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Tuesday, 3 May 2016

BLOG TOUR & #GIVEAWAY - Surviving High School by Lele Pons & Melissa de la Cruz

Book & Author Details:

Surviving High School 
by Lele Pons & Melissa de la Cruz
Published by: Gallery Books
Publication date: April 5th 2016
Genres: Contemporary, Young Adult

Synopsis:

Vine superstar Lele Pons—“one of the coolest girls on the web” (Teen Vogue)—teams up with #1 New York Times bestselling author Melissa de la Cruz (The Isle of the Lost) in this lovable debut novel about the wilds and wonders of high school that’s as laugh-out-loud addictive as Lele’s popular videos.

Ten million followers and I still sit alone at lunch. Lele is a bulls-eye target at her new school in Miami until, overnight, her digital fame catapults the girl with cheerleader looks, a seriously silly personality, and a self-deprecating funny bone into the popular crowd. Now she’s facing a whole new set of challenges—the relentless drama, the ruthless cliques, the unexpected internet celebrity—all while trying to keep her grades up and make her parents proud.

Filled with the zany enthusiasm that has made Lele into Vine’s most viewed star, this charming novel is proof that high school is a trip. From crushing your crushes (what’s up with that hot transfer student Alexei??) to throwing Insta-fake parties with your BFFs and moaning over homework (GAH) with your frenemies, high school is a rollercoaster of exhilarating highs and totally embarrassing lows. Leave it to Lele to reassure us that falling flat on your face is definitely not the end of the world. Fans of Mean Girls will love this fun and heartwarming fish-out-of-water story.


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The Advantages of Being a Boy

(2,000 Followers)
Allow me to back up. What is this Vine, you might ask? Well, maybe no one would ask that. But the truth of the matter is, I once did have to ask that. Not only did I used to be “uncool” but I also used to be a social media virgin, long past the time it was normal. Meaning, it was 2011 and I still didn’t have Facebook. Or a phone. At my core I was not a city girl. Sometimes I felt like I wasn’t even a Planet Earth girl. Sometimes I still do feel that way, actually. But back to social media: it never made sense to me. It just didn’t seem appealing to collect fake friends like Pokémon cards and listen to everyone brag about the cool things they did over the weekend.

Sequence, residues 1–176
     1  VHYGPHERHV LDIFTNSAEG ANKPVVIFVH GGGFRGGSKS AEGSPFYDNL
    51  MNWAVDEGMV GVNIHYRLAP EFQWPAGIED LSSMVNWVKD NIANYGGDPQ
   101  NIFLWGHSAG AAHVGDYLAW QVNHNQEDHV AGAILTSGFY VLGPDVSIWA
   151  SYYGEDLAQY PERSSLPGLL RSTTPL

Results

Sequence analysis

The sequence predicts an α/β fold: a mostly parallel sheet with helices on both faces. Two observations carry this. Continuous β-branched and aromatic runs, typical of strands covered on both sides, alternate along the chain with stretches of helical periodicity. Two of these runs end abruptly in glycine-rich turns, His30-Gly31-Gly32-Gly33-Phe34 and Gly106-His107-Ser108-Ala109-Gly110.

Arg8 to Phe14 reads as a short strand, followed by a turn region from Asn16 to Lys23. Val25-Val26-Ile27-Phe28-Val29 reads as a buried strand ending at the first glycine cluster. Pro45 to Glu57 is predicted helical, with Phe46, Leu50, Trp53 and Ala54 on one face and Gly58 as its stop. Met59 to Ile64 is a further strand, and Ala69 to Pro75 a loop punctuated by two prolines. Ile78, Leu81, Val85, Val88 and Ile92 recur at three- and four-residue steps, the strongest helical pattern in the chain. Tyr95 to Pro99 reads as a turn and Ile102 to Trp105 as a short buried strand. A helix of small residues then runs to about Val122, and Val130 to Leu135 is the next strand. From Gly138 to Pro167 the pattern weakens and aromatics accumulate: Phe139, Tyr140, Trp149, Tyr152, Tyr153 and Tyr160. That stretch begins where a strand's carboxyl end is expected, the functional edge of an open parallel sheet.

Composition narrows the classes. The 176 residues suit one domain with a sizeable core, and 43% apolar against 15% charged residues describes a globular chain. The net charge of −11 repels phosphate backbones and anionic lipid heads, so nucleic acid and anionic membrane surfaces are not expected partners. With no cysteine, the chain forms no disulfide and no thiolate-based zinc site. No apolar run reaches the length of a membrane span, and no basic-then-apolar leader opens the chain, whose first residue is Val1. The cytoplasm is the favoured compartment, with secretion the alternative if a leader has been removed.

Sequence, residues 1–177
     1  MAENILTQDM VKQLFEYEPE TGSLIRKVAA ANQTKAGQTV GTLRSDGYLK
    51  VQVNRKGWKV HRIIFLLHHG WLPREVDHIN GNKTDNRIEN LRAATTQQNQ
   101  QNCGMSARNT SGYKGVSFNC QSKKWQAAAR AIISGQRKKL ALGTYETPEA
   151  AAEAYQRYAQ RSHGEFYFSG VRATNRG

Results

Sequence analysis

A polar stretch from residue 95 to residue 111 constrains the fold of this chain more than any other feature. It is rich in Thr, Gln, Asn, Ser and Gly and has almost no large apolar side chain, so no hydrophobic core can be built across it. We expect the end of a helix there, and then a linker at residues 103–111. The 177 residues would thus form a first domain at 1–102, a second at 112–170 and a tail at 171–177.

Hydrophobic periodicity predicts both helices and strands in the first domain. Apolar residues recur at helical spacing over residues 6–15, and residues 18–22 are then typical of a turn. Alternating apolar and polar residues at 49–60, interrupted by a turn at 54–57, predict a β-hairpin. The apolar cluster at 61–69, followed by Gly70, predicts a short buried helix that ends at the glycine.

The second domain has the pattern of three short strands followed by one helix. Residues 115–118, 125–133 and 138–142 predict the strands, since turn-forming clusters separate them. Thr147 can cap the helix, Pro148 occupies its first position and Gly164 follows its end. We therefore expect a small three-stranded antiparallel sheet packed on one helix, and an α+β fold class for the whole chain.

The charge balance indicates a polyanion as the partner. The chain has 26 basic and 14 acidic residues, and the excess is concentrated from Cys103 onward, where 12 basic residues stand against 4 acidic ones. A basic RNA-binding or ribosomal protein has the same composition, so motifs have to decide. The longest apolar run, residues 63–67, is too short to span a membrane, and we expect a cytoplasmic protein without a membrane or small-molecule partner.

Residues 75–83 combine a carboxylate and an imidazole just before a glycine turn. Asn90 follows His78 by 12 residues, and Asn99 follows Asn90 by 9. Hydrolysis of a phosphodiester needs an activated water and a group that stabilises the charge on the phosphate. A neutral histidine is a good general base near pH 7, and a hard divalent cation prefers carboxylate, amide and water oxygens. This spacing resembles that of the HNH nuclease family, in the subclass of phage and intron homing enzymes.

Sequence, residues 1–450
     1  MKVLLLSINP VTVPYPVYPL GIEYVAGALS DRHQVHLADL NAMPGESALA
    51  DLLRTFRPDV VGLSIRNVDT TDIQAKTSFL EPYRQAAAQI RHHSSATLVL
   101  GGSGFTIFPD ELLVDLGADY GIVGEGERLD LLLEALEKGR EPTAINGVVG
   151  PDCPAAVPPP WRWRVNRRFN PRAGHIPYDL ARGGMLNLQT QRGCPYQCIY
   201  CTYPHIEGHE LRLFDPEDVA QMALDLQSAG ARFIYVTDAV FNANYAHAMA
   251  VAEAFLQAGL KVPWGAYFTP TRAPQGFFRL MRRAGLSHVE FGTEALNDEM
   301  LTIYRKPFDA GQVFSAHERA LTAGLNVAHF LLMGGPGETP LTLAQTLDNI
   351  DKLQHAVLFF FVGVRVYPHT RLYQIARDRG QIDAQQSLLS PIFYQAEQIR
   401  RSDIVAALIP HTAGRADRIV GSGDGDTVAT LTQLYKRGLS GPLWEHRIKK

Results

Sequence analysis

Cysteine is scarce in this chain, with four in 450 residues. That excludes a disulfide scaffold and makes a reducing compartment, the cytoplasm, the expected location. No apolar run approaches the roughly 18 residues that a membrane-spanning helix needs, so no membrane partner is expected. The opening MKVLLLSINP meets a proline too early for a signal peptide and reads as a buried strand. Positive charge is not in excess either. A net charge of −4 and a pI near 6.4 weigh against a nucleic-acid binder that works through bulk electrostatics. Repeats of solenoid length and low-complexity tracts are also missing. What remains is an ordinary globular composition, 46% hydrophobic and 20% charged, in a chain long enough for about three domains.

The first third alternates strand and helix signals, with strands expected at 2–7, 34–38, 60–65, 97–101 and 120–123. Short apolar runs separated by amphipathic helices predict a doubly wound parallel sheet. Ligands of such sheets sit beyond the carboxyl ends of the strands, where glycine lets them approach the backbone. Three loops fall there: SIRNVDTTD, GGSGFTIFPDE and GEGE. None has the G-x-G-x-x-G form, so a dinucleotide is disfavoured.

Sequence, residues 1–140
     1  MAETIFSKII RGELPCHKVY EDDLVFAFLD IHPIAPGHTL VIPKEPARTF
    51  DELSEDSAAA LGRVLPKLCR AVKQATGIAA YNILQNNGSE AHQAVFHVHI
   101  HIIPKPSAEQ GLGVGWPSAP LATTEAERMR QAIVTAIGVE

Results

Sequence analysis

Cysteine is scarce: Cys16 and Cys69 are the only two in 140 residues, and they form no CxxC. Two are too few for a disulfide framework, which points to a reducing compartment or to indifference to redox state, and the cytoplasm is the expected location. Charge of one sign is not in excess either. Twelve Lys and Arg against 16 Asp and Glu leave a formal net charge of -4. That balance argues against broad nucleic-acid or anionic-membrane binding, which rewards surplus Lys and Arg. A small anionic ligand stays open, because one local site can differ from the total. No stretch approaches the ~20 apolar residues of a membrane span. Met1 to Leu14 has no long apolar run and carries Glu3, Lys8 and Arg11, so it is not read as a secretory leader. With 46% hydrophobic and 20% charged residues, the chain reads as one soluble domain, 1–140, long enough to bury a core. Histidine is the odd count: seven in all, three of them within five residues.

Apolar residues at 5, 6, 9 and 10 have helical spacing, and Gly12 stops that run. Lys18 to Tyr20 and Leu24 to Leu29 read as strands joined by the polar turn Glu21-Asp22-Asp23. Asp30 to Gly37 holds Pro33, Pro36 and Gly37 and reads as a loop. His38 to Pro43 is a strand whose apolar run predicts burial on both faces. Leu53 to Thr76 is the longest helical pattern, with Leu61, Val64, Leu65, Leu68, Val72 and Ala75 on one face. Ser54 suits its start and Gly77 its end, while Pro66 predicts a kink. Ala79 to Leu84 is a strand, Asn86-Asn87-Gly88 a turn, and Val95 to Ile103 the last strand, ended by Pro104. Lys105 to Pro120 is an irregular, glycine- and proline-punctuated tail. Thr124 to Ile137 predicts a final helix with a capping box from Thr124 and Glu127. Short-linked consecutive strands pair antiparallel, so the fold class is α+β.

I mean, am I crazy or might there be more to life than that?
Anyway, when Lucy, a BFF from St. Anne’s, showed me her Vine account, I felt an instant connection. It was the first social media platform I had ever encountered that seemed to be about genuine self-expression versus only the blind desperation for social valida- tion. But I mean, it was more than that.
Vine wasn’t just a way to express myself, it was the outlet I had been waiting for my whole life. For as long as I can remember, whenever I struggled with words, I used images to tell a story. I used physical communication. When I discovered Vine, I found the medium through which I would finally be able to communicate fully with the world around me, to share my thoughts and concerns with anyone who might want to listen. I finally had a voice, and I was hooked.
I wasn’t looking to gain a following. Really, I wasn’t! But the girls at St. Anne’s thought my videos were funny and were really support- ive about it right away. I quickly became “Vine famous” within my tiny private school, which means basically I went to school with one thousand kids and all of them followed me! People ask me how this happened, and I want to be clear that it was really never anything fancy at all: people want honesty, and I was not afraid to give it to them. It’s as simple as that.
Cut back to: I’m at Miami High and nobody knows who I am— nobody appreciates my humor and honesty and uniqueness, because I’ve been quickly dismissed as a freak. Would I be so ostracized, so quickly judged, if I were a boy instead?
Don’t get me wrong, I like being a girl. I like my long, thick blond hair and wearing a glamorous dress for a fabulous occasion. But being a girl comes with a price. Well, lots of prices. Being a girl means having to put energy into your looks, having to wear a bra (so uncomfortable), having to pee sitting down (so inconvenient), and ultimately, it means one day having to push a bowling-ball-sized human out of you and call it the miracle of life—if that’s your thing. Miracle shmiracle, that sounds like a straight-up nightmare.